By Ylan Q. MuiWashington Post Staff Writer Thursday, July 16, 2009
The colorful foam clogs appeared in 2002, just as the country was recovering from a recession. Brash and bright, they were a cheap investment (about $30) that felt good and promised to last forever. Former president George W. Bush wore them. Aerosmith lead singer Steven Tyler wore them. Your grandma wore them. They roared along with the economy, mocked by the fashion world but selling 100 million pairs in seven years.
The company had expanded to meet demand, but financially pressed customers cut back. Last year the company lost $185.1 million, slashed roughly 2,000 jobs and scrambled to find money to pay down millions in debt. Now it’s stuck with a surplus of shoes, and its auditors have wondered if it can stay afloat. It has until the end of September to pay off its debt.
“They were their go-to,” Fisher said, “and now they’re just really interested in flip-flops.”
The story of Crocs mirrors the country’s tale of economic expansion and contraction. At the height of the real estate market, in 2006, the company sold shares to the public, raising more than $200 million in the biggest stock offering in shoe history. It ramped up manufacturing to keep up with demand, only to then find that shoppers were snapping their wallets shut.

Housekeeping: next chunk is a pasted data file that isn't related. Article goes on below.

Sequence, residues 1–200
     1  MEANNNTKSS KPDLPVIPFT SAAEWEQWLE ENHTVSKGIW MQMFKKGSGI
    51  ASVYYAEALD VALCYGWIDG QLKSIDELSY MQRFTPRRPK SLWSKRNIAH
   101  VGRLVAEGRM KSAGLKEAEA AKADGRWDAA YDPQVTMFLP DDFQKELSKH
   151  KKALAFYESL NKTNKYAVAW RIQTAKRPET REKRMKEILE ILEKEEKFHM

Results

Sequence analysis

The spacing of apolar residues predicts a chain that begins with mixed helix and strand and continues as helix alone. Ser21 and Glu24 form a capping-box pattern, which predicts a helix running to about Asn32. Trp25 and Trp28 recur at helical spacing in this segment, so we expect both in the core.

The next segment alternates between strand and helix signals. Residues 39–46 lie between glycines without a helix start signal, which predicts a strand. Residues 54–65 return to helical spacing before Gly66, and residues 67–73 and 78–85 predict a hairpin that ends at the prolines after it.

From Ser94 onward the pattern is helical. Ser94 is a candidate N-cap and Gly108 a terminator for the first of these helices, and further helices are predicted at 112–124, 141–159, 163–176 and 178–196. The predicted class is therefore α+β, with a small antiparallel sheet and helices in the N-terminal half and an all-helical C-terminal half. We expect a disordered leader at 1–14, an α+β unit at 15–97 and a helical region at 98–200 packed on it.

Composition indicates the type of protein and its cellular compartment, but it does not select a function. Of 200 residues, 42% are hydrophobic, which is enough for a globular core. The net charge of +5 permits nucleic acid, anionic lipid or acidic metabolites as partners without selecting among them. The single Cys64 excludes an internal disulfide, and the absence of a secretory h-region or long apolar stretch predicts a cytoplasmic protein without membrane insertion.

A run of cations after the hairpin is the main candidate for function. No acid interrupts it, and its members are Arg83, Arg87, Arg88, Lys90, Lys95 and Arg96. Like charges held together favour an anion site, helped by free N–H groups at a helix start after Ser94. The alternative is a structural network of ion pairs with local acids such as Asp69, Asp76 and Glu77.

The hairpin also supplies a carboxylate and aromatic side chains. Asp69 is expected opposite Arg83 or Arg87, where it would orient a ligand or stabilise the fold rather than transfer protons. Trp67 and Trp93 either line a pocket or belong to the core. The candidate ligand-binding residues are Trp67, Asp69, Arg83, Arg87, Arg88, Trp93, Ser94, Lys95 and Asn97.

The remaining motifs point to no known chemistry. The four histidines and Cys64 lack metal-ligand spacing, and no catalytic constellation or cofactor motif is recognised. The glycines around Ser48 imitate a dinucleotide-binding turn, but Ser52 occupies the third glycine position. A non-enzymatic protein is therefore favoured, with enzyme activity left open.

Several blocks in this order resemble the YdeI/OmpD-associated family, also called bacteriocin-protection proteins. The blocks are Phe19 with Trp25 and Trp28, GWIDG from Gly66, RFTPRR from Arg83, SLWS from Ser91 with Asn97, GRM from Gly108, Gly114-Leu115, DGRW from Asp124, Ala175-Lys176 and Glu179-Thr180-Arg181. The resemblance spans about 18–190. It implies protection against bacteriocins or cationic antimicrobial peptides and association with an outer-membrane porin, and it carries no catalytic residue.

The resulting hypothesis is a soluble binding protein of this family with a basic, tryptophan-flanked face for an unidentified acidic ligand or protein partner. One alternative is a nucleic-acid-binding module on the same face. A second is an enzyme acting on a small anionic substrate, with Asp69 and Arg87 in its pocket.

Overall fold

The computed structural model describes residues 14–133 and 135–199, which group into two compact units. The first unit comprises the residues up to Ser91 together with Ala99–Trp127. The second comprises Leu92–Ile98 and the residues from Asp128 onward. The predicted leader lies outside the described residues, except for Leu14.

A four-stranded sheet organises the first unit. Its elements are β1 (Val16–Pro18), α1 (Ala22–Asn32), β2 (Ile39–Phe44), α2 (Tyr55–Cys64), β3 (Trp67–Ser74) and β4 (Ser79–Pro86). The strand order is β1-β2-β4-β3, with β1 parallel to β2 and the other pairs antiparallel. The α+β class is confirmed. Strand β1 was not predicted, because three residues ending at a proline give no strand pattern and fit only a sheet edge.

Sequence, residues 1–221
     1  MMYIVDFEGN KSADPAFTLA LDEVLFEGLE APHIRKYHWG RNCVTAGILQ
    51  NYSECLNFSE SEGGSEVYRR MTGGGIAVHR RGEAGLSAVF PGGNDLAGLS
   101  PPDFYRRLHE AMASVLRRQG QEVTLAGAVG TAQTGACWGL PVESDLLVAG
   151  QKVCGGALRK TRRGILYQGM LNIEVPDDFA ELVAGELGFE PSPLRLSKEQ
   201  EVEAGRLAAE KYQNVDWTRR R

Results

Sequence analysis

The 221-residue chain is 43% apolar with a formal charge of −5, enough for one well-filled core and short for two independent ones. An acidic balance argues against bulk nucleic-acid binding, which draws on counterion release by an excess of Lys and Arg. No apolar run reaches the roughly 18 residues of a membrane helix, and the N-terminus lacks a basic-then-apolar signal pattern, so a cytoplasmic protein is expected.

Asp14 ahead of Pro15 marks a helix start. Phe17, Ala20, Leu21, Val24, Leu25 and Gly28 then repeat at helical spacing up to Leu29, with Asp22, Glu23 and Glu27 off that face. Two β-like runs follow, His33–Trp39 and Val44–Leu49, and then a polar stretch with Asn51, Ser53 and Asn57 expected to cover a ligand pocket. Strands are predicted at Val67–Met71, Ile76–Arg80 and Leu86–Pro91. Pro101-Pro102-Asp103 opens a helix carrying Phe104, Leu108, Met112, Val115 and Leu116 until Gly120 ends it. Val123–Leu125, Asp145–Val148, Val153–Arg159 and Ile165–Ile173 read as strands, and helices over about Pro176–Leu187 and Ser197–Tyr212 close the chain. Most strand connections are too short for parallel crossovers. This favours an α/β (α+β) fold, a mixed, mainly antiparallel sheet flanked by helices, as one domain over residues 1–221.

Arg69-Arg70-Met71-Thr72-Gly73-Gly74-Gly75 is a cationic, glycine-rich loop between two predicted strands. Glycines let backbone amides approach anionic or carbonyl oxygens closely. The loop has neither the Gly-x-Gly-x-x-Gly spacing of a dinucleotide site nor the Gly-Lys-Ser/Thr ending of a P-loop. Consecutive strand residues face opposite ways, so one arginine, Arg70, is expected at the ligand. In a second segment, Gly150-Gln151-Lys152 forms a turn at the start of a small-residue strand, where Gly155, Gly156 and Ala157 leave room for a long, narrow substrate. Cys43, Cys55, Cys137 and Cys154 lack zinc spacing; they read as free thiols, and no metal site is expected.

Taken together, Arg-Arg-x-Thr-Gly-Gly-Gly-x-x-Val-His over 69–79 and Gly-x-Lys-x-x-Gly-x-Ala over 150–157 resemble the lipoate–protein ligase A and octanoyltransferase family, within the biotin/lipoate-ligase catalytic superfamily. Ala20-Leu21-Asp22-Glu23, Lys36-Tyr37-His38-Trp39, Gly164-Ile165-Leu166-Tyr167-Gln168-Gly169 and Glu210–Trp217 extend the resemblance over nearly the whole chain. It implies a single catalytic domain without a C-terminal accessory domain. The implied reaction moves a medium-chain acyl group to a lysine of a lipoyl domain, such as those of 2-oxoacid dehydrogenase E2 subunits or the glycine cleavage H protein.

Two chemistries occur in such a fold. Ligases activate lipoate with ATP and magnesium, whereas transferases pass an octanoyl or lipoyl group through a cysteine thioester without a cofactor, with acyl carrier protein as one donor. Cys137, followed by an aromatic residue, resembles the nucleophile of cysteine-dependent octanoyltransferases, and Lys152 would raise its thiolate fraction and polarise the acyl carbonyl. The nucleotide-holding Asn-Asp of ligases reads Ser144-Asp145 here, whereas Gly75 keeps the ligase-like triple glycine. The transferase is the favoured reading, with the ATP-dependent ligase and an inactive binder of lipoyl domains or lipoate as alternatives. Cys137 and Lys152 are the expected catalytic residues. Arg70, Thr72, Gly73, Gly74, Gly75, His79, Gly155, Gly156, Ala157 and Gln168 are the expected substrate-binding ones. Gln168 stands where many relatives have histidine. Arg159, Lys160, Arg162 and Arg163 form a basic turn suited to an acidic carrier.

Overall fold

Rachel Weingarten, a trend and marketing expert, has relegated Crocs to the wasteland of the comfort-shoe aisle. Maybe in a decade nostalgia will set in, said Weingarten, author of “Career and Corporate Cool.” Then a pair of hot-pink Crocs dug from the back of the closet might inspire misty-eyed memories: “Remember when we had ugly, Flintstone-looking feet?”
“They had added a huge amount of infrastructure to meet this demand going forward,” said Jeff Mintz, an analyst with Wedbush. “Demand fell off, and they had way too much capacity and way too much supply of product.”
“The bottom line is, people talk about Crocs,” he said at a conference with analysts. “They either love them or hate them, but it’s in the vernacular.”